Scott M. Sandridge

A Work in Progress

SpecMusicMuse Review: Epica – The Divine Conspiracy

When Epica came out and said their new CD would be the heaviest yet, they weren’t joking. The music is much heavier than before, and the sound darker. Trust me, you haven’t heard organ music until you’ve heard it done with the Metal attitude. And its not just the music that’s heavier, but the lyrics, also, are harder hitting and more unapologetic.

Like all their CDs The Divine Conspiracy resembles a musical score for a blockbuster film. The thirteen songs are divided into an instrumental prologue (“Indigo”) and three acts. Act One contains the songs, “The Obsessive Devotion,” “Menace of Vanity,” “Chasing the Dragon,” and “Never Enough.” Act Two continues “The Embrace That Smothers” mini-concept of which parts four through six were in their 2003 CD, The Phantom Agony. The middle part is the heaviest part in the entire CD with “La’petach Chatat Rovetz (The Last Embrace),” “Death of a Dream (The Embrace That Smothers – Part VII),” “Living a Lie ( – Part VIII),” and “Fools of Damnation ( – Part IX).” The final act slows down a bit with “Beyond Belief,” “Safeguard to Paradise,” and “Sancta Terra,” then ending the CD with a 14-minute explosion of symphony and metal titled “The Divine Conspiracy.”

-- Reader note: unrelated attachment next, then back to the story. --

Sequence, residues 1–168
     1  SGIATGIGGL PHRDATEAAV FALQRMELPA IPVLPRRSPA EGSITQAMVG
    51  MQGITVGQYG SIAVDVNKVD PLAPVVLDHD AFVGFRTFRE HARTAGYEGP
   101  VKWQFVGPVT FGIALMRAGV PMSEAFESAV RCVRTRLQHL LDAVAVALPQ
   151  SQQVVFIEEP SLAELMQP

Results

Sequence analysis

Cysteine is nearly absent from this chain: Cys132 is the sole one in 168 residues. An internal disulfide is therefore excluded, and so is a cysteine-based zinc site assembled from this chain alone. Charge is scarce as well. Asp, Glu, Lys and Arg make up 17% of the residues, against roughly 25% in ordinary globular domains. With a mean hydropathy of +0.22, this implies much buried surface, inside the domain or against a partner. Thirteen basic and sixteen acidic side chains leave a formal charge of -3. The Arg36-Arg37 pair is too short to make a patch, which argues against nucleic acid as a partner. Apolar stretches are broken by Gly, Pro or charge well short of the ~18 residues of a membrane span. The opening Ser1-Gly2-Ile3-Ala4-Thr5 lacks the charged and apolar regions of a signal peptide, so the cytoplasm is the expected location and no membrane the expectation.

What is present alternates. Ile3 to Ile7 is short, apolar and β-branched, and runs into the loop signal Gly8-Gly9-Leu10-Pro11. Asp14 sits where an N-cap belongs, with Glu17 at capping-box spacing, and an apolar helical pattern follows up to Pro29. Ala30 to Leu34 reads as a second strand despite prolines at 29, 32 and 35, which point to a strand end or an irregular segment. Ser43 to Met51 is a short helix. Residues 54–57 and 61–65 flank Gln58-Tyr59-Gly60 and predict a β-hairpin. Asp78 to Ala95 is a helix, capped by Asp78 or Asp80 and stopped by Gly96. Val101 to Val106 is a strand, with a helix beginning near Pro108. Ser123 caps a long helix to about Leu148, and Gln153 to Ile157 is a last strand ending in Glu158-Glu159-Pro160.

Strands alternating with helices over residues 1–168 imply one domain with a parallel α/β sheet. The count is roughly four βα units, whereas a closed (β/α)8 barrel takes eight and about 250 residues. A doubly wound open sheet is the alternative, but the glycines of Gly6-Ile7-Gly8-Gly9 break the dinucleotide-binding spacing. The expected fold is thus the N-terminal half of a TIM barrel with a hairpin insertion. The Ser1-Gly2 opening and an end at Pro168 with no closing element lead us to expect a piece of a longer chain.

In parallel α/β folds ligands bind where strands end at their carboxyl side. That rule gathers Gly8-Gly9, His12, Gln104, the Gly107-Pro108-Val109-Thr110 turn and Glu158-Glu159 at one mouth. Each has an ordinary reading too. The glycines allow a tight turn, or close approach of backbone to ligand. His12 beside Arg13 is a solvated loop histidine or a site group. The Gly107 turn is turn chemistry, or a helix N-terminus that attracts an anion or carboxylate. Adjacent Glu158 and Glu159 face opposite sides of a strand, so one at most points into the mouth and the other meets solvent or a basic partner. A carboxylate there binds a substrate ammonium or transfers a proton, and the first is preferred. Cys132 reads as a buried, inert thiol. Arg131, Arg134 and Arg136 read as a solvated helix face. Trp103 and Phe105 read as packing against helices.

Moreso than in the last CD, the beauty of Simone’s voice enhances the music. Indeed, her voice can make the most mediocre songs sound like masterpieces, and the lyrics are of a quality to match her singing. As an example from “Chasing the Dragon”:

“Let my eyes take in,
The beauty that’s here,
That’s left on this earth,
My ears long to hear,
A melody.”

The philosophy behind The Divine Conspiracy is based off an interesting “what if” scenario. What if all the religions came from God? What if he gave pieces of the truth to each race and culture as a test to see what they would do with such truths? Would they learn from each other, or would some use (and possibly pervert) the knowledge for the sake of personal power over others? And how, after centuries (or even millenia) of distortions can people seperate truth from half-truth and find the knowledge God gave us? An interesting theory and perhaps closer to the truth than most people, regardless of each’s religious views, may be willing to admit.

The only way to know is to just keep searching, each in the ways we know how while acknowledging our similarities, and accepting our differences as a part of what makes humanity such a wondrous creation.

[Review first written in Sept. 2007, but never published until today]

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September 10, 2010 - Posted by | SpecMusicMuse | , , , , , , , , , , ,

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